DUBAI: It may seem strange that a prominent Sunni Salafi jihadist and preacher of hate has lived unmolested in the West since the 1980s. Yet Dr. Tariq Abdelhaleem probably sees nothing odd at all about promoting Islamic radicalism while enjoying the hospitality of Canada.
He is an unabashed proponent of the ideas of two major Salafi revivalists of the last century: Syed Abul ‘Ala Maududi, the Pakistani author and activist, and Sayyid Qutb, the Egyptian theorist of violent jihad.
Abdelhaleem’s regressive views on women offer a window into his mind. “The secular West has dangerously affected our society and Islamic concepts through its cultural legacy, despite the widespread veiling of Arab women,” he has said. “To see the deep impact of Western culture on Arab societies, it is enough to look at the phenomena of unveiling and debauchery.”
Drawing lines between “pious and impious women,” he claims both “have lived in the same environments, subjected to the same cultural impacts (but that the former) have rejected everything that is banned and contrary to Islam. There are some things that are inculcated in the environment, fueled by cultural sources such as the media, education and emerging customs, which resonates in women’s spirits, hidden in a dark corner of the human psyche.”
Dr. Hani Nasira, an expert on ideological movements, said Abdulhaleem has been taking advantage of the freedoms granted by his adopted country to disseminate his message.
Following the upheavals of 2011 in Egypt, which saw the Muslim Brotherhood gain political power, Canada-based Abdelhaleem founded what he called the “Sunni Movement to Save Egypt” and became its secretary-general, in partnership with Sheikh Dr. Hani Sibai. He also wrote ferociously, including on “Introducing the Sunni Movement to Save Egypt” and “Our Faith and Our Movement.”
Name: Tariq Abdelhaleem
Place of Residence" Mississauga, Ontario, Canada
Occupation Cleric: head of the Dar Al-Arqam Institute
Medium: YouTube, Twitter, and his website Tariq-abdelhaleem.net
But when Mohamed Morsi was ousted by the Egyptian military in July 2013, Abdelhaleem vented his displeasure at the Grand Sheikh of Al-Azhar, Ahmed El-Tayeb, considered by many to be the highest authority in Sunni Islamic thought.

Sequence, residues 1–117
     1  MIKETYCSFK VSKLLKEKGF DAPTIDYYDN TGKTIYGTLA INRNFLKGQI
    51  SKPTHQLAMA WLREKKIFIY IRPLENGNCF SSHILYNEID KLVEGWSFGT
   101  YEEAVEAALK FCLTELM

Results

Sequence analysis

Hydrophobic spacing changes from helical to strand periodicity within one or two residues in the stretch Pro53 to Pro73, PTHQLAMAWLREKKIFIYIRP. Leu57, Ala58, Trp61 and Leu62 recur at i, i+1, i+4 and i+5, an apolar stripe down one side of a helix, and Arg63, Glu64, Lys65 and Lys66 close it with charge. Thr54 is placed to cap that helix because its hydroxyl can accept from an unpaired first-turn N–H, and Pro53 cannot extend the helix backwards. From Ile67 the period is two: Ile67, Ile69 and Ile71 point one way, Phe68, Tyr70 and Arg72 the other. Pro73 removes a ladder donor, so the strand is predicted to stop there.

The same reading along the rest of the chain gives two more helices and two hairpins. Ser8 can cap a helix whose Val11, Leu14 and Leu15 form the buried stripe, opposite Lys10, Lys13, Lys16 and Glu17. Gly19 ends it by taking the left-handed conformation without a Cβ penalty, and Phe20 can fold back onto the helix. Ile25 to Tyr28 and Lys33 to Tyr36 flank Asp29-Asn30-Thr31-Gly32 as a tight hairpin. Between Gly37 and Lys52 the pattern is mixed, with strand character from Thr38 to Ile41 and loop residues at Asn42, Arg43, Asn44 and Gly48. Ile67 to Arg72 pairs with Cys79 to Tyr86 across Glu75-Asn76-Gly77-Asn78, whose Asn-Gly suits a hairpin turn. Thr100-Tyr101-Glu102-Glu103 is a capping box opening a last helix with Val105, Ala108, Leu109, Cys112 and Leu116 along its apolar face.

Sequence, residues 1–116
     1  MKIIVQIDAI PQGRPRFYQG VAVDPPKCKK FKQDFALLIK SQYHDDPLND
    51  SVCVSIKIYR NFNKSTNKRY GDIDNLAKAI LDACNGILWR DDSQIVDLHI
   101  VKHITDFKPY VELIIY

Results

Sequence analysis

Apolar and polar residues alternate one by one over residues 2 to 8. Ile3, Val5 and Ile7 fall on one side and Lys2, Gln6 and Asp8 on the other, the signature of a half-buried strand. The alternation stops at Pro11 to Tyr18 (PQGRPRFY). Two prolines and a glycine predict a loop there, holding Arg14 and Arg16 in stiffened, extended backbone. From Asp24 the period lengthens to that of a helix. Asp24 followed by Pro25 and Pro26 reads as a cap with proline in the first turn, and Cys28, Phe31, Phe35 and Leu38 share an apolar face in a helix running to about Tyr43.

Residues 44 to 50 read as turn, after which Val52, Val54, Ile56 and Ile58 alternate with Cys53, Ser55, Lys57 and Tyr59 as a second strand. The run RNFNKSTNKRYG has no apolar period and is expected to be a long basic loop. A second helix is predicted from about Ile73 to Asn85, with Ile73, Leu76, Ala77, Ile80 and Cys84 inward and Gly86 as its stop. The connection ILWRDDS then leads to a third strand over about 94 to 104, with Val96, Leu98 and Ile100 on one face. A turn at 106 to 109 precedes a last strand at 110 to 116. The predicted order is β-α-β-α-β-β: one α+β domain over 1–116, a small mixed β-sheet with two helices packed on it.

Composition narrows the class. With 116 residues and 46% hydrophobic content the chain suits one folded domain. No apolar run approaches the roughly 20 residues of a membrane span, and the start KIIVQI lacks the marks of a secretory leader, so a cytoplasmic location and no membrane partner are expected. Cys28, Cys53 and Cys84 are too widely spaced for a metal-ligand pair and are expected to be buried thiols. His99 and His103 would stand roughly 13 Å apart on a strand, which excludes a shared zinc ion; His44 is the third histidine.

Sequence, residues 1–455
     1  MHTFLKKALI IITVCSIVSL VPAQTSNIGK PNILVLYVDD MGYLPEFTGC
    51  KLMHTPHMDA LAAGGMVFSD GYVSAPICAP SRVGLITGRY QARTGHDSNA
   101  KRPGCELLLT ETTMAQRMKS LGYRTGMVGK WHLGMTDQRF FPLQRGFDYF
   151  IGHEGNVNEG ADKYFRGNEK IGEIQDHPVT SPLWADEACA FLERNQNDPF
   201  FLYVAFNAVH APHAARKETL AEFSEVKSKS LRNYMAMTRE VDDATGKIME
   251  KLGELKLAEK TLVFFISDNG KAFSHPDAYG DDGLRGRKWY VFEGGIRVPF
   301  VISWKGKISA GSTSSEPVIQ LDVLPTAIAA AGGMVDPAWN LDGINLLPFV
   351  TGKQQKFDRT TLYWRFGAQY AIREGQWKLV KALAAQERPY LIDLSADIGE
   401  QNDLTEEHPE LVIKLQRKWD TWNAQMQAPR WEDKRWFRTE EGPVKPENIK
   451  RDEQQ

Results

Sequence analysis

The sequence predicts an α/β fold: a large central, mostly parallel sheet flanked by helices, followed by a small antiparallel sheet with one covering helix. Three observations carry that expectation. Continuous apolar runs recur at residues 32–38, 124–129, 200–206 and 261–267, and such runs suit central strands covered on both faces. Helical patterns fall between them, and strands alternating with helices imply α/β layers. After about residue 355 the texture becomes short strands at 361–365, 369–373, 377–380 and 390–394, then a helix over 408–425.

“A coup has been carried out by the military, supported by crusaders, secularists, the atheist media, artists and the Egyptian judiciary,” he said in an interview. “This whole group, and those who follow them, are like the dog of Al-Azhar, who ... is not worthy of praise, but is loathsome, malicious and abominable.”
Abdelhaleem also accused El-Tayeb of sitting at “the council of politicians with (deposed Egyptian President Hosni) Mubarak in the presence of … infidels loyal to infidels.”
According to Nasira, “Abdelhaleem’s bet is on a global armed Islamic revolution. He also calls for individual jihadist attacks and offers religious justification for suicide bombings and other terrorist operations.”
Born in Egypt in 1948, his maternal grandfather was Abdul Aziz Al-Bishri, an academic and moderate writer, while his paternal grandfather was a scholar at Cairo’s Al-Azhar University.
By all accounts, Abdelhaleem warmed to the idea of violent jihad from a relatively young age. After settling in Canada in the late 1980s, he founded the Dar Al-Arqam Institution and began teaching a course in Islamic sharia law in cooperation with the American Open University in 1998. He also edited Ummat Al-Islam, a periodical that appears in both Arabic and English, for several years in Toronto.
• Preachers of Hate: Tariq Abdelhaleem
Most of Abdelhaleem’s writing revolves around monotheism, governance, Western principles and policies, and the actions of specific groups and ongoing developments, especially those concerning Syria and jihadist factions active in the Levant. He distributes his takes on international issues via Twitter.